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Cl. 540, 541 (1995). In deciding a motion for certification, the Court may also consider factors such as "[t]he difficulty and general importance of the question presented, the probability of reversal, the significance of the gains from reversal, and the hardship on the parties in their particular circumstances." 16 C. Wright, A. Miller, & E. Cooper, Federal Practice & Procedure 3930 at 415-16 (2d ed. 1996). See Vereda, LTDA v. United States, 46 Fed. Cl. 569,570 (1990). I. Whether Plaintiffs Possess a Constitutionally Protected Property Right or Vested Water Right Is a Controlling Question of Law. A controlling question of law is often defined as one that could materially affect the course of litigation with resulting savings of the court's or the parties' resources. Brown v. United States, 3 Cl. Ct. 409, 411 (1983) (citing In re Cement Antitrust Litig., 673 F.2d 1020, 1027 (9th Cir. 1982), aff'd, Arizona v. Ash Grove Cement Co. 459 U.S. 1190 (1983); see generally 16 C. Wright, A. Miller, & E. Cooper, Federal Practice & Procedure 3930 at 415-16 (2d ed. 1996). ("[A] question is `controlling' if its incorrect disposition would require reversal of a final judgment . . . a dismissal that might have been ordered without the ensuing [trial] court proceedings.") The determination that a plaintiff lacks a constitutionally protected property right is outcome determinative in a Fifth Amendment taking claim. Adams v. United States, 391 F.3d 1212, 1218 (Fed. Cir. 2004) (finding no taking where the plaintiff the could not meet the "threshold requirement of a recognized property interest"); American Pelagic Fishing Co. v. United States, 379 F.3d 1363, 1372 (Fed. Cir. 2004) ("If the claimant fails to demonstrate the existence of a legally cognizable property interest, the courts task is at an end"). It follows that the same is true of rights to the use of upper Klamath basin

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water for irrigation which, under the Klamath Compact, may not be impaired without payment of just compensation. Hence, this Court's determination in its August 31, 2005 Order that Plaintiffs' right to receive water from the Klamath Project, and their beneficial interest in that water, is not a constitutionally protected property right compels dismissal of Plaintiffs' First Claim for Relief (Just Compensation for Taking). Moreover, this same determination disposes of Plaintiffs' Second Claim for Relief (Impairment of Water Rights/Klamath Compact). Indeed, as this Court noted: "[N]othing in the Compact enhances the rights of any of the plaintiffs here as against the United States." 67 Fed. Cl. at 539. Although this Court's August 31 Order did not dispose of Plaintiffs' Third Claim for Relief (Breach of Contract), it significantly crippled Plaintiffs' case by rejecting their theory that the water, delivery of which is the subject of those contracts, belongs to Plaintiffs by right. As Plaintiffs argued to this Court, these contracts are analogous to those involving moving companies or overnight delivery services; they do not deal with ownership of the object moved or delivered, but only with how and when it will be delivered--and for what price. Moreover, this Court's August 31, 2005 Order itself left little reason to hold much optimism for a favorable result on Plaintiffs' contract claims: First, for most of the district contracts sub judice, plaintiffs' "beneficial interest" in the Klamath Project water is not, as they claim, an absolute right, limited only by appurtenancy and beneficial use. . . . The plain language of these provisions expressly absolves the United States from liability for all types of water shortages--not only hydrologic causes, as claimed by plaintiffs, but also any other cause that impacts the availability of water through the system.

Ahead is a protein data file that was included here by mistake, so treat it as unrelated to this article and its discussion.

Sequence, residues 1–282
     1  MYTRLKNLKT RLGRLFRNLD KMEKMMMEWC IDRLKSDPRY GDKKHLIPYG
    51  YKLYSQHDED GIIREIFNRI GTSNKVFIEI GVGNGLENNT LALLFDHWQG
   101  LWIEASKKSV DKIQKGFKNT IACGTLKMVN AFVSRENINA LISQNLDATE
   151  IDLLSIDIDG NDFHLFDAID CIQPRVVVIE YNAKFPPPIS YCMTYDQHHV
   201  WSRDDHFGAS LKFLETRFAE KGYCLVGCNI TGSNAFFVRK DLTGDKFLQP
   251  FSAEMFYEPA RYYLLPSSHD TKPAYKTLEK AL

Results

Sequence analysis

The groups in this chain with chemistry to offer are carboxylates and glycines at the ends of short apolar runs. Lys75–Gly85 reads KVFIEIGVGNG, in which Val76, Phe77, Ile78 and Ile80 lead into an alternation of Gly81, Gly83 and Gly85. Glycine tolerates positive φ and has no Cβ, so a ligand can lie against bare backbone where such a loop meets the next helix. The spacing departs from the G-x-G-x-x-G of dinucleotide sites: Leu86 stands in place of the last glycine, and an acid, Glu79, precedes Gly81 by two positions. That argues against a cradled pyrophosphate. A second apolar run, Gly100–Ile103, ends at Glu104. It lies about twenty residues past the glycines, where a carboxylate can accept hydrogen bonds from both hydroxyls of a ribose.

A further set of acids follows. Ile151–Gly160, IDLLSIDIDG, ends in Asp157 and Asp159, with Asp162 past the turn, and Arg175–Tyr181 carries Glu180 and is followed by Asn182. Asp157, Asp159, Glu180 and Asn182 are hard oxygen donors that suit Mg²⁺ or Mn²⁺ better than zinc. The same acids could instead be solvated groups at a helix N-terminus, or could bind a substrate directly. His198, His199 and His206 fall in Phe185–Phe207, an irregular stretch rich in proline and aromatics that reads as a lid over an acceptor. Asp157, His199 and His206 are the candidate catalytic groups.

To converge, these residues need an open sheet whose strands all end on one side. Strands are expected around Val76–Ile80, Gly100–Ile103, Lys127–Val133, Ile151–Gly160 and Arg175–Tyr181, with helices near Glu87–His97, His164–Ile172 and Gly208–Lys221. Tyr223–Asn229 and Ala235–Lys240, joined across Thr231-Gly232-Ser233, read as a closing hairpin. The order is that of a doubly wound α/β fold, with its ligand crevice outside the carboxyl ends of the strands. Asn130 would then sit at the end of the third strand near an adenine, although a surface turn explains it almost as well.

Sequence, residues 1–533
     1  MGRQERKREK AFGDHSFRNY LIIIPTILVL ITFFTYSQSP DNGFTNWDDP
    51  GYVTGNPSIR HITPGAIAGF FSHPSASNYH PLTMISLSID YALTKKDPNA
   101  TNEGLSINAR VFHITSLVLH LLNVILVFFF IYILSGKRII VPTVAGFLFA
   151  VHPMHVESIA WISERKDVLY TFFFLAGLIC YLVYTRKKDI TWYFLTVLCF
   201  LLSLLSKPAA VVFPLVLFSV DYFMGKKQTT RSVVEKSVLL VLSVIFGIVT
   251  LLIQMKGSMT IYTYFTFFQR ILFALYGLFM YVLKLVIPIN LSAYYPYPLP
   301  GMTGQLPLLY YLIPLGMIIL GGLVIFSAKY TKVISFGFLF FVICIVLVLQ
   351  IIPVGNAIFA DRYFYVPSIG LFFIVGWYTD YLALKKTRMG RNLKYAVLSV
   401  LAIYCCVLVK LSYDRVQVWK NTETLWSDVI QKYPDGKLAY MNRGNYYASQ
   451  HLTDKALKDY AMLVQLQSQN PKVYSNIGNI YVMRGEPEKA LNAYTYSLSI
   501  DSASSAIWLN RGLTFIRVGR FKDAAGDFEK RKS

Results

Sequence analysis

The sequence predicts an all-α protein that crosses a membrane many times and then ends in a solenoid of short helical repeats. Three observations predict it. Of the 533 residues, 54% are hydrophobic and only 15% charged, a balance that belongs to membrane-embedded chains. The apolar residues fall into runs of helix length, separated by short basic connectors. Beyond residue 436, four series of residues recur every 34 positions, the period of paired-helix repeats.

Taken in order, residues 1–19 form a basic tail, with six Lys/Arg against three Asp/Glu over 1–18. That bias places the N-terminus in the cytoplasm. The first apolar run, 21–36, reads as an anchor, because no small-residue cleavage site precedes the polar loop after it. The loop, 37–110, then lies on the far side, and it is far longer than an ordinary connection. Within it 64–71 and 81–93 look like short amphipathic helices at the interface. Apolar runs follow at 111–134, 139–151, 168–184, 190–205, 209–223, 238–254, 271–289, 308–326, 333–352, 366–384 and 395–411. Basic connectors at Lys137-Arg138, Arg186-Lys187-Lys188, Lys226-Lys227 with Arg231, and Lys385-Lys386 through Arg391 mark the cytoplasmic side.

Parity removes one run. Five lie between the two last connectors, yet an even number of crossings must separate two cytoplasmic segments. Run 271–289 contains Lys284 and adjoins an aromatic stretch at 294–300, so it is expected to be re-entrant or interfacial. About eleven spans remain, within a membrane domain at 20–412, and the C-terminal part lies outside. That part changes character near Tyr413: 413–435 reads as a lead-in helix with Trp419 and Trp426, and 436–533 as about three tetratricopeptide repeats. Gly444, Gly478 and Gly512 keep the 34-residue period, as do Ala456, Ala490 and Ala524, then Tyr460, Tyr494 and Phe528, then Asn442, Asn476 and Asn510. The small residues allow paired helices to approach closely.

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67 Fed. Cl. at 535. Moreover, the Court stated that "plaintiffs face an uphill battle in showing that the ESA was designed to abrogate their various contracts. Id. at 537. Plainly, thus, the issue presented in this case is a controlling question of law. II. There Is a Substantial Ground for Difference of Opinion on This Controlling Question of Law. Certification for interlocutory appeal is appropriate where there is a "substantial ground for difference of opinion" on the controlling question of law. Usually, an issue upon which there is substantial ground for difference of opinion is one upon which courts have disagreed. Coast Federal Bank FSB v. United States, 49 Fed. Cl. 11, 13 (2001). Likewise, a substantial ground for difference of opinion may exist if there is a dispute among judges on the trial court on the issue and the Federal Circuit has not ruled on the issue, see, e.g., Rodriguez v. Banco Cent., 917 F.2d 664 (1st. Cir. 1990), or where difficult and novel issues of first impression are presented. See, e.g., Am. Management Sys. v. United States, 57 Fed. Cl. 275, 277 (2003). In this case, as this Court expressly notes, there is a conflict in the Court of Federal Claims on the question of whether a beneficial interest in water is a constitutionally protected property right: In that case [Tulare Lake Basin Water Storage Dist. v. United States, 49 Fed.Cl. 313 (2001)], various districts in California had argued that their contractually conferred water rights were taken as a result of the Bureau's restrictions on water use as required by the ESA. This court ruled that a physical taking had occurred as a result of the restrictions and granted the plaintiffs summary judgment. But, with all due respect, Tulare appears to be wrong on some counts, incomplete on others and, distinguishable, at all events.